Williams appreciated and made the most of entrances, saying, “Probably the most important room to consider from a standpoint of décor is the entrance hall—this is the area that speaks out the welcome.” (Hudson, 70) As is typical of the style, the entrance hall opens onto a large, light-filled loggia that provides views to a garden through arched glass doors and windows, and leads to dining, kitchen, and servant rooms to one side, and to the living room, library, and stairwell to bedrooms on the other. The many rooms unfold, one after the other, and on and on if one is lucky enough to tour the entire house. Despite the size, the house is not pretentious. The rooms are beautifully scaled: ample but not oversized and each is made graciously individual with fine detailing. Williams did not hesitate to include modern conveniences, such as large wood-framed pocket doors that slide into the walls to create clean, unfussy openings from the living room to the central courtyard. Pull-down brass screens roll up into discrete housings on the windows and doors. He also employed fine woodwork in the ceilings and in the mahogany-paneled library. Exquisite plasterwork mimics wood in one ceiling, creates gentle curves in another.
The central courtyard is completely enclosed by the first floor volumes of the house and the attached garage. At one end a loggia-framed seating area includes a fireplace (one of five in the house); at the other end a graceful staircase leads to guest bedrooms. The current owners refurbished the courtyard that was puzzlingly empty when they acquired the house. It now includes plantings around a tiled fountain and brick-lined rill. The white-painted brick columns of the rounded arches in the courtyard are decorated with flushed dentiled capitals, which produce subtle decorative patterns of light and shade. Many of the rooms open to or look out on the courtyard or other terrace or balcony.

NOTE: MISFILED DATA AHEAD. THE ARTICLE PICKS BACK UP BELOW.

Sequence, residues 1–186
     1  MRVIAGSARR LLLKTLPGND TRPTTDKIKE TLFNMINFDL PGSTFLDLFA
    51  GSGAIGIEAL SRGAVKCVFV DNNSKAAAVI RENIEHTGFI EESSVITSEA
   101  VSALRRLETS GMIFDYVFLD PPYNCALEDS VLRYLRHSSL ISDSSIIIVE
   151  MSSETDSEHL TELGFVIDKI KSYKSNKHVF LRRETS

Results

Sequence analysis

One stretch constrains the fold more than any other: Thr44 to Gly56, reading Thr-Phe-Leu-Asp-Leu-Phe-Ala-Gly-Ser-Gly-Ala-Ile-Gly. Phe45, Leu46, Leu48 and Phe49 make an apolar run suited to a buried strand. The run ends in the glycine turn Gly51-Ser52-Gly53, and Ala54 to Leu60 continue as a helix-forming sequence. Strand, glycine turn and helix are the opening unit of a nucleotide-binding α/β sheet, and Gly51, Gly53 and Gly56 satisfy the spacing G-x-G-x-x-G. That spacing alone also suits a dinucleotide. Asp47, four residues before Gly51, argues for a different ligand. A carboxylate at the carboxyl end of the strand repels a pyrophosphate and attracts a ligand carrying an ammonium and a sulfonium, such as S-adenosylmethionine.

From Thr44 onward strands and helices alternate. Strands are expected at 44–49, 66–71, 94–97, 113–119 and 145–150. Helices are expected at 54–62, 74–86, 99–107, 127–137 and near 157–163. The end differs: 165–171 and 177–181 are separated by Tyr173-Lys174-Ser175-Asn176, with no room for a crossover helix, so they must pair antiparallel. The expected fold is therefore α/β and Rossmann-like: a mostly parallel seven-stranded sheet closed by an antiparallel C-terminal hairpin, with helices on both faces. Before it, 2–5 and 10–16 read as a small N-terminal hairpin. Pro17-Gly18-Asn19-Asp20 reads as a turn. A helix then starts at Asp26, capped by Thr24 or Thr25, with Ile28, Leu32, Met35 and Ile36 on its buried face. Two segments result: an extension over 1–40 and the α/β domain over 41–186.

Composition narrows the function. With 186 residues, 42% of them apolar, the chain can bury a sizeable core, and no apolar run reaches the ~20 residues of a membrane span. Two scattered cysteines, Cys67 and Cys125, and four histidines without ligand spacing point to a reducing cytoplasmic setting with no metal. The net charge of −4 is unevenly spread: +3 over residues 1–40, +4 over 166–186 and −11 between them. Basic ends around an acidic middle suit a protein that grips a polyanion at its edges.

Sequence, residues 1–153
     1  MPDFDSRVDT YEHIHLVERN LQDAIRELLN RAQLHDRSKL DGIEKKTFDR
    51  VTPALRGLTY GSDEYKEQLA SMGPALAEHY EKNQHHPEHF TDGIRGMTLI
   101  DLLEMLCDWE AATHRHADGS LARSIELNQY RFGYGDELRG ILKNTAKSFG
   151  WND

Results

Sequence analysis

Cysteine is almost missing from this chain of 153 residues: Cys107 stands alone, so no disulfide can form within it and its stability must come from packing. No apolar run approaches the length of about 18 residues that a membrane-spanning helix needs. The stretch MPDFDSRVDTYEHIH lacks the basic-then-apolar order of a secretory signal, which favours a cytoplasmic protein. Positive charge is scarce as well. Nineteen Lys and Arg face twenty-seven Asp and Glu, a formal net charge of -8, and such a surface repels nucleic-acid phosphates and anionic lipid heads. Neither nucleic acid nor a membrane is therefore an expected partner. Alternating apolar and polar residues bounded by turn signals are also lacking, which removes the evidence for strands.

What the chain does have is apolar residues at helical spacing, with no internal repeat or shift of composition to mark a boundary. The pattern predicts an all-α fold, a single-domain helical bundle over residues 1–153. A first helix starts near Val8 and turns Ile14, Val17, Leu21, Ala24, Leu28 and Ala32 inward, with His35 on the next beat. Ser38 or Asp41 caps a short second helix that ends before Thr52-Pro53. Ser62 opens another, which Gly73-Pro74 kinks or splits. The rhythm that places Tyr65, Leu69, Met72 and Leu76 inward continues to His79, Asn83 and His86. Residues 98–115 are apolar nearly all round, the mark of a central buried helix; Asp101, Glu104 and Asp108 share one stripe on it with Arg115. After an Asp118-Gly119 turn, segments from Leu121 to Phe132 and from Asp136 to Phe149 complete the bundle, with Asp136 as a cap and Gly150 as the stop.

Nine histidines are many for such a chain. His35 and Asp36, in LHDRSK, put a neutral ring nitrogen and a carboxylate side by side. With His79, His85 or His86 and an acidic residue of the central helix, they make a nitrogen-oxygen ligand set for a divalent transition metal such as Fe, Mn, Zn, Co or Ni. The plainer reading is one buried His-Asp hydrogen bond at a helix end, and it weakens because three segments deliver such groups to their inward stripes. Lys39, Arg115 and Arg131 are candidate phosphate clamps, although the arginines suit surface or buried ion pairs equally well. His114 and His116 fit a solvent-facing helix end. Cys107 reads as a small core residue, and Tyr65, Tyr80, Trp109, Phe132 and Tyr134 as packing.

Custom tile is used throughout the house. The kitchen is entirely clad in yellow tile that covers the walls and ceiling, for ease of cleaning. Every bathroom has its own distinctive decorative tile, laid in a ribbon-like row that encircles the room. Each bedroom has multiple windows that can be opened to bring in healthy night air, in keeping with the thinking of the time and the concern about tuberculosis. The larger bedrooms have sleeping porches, which extend the rooms with multiple large windows on three walls, to allow cross ventilation.
Not surprisingly, large panes of glass are used everywhere in the house, lending a clean and surprisingly modern look that speaks to the wealth of the client and advertises the Ford family business. Glass panes were expensive to produce until after World War II. Williams’s modernity shows throughout the house. Despite the decorative elements common to the Spanish revival style—red tile on the roof, balconies with wrought iron, arches and decorative tile— the composition of the house, inside and out, is refined rather than exotic. One of the best views from which to admire Williams’s skill is the rear façade, which faces the swimming pool, designed by Williams with simple curved ends. The multiple volumes of the large house are beautifully juxtaposed in a balance of scale, color, and texture.
William Ford died in 1934, five years after the house was completed. Mrs. Ford and the children moved to a family-owned ranch in Montana shortly after. Subsequently the house suffered neglect for many years but fortunately no remodeling marred the original structure. The current renovation, which took about four years, has justly earned the house landmark status as Ventura County Cultural Heritage Landmark no.169.
Fisher, Charles J. William Ford Residence: Historical Resource Evaluation (August 2010).
Hudson, Karen E. Paul R. Williams, Architect: a Legacy of Style (New York: Rizzoli, 1993).
Hudson, Karen E. Paul R. Williams: Classic Hollywood Style (New York: Rizzoli, 2012).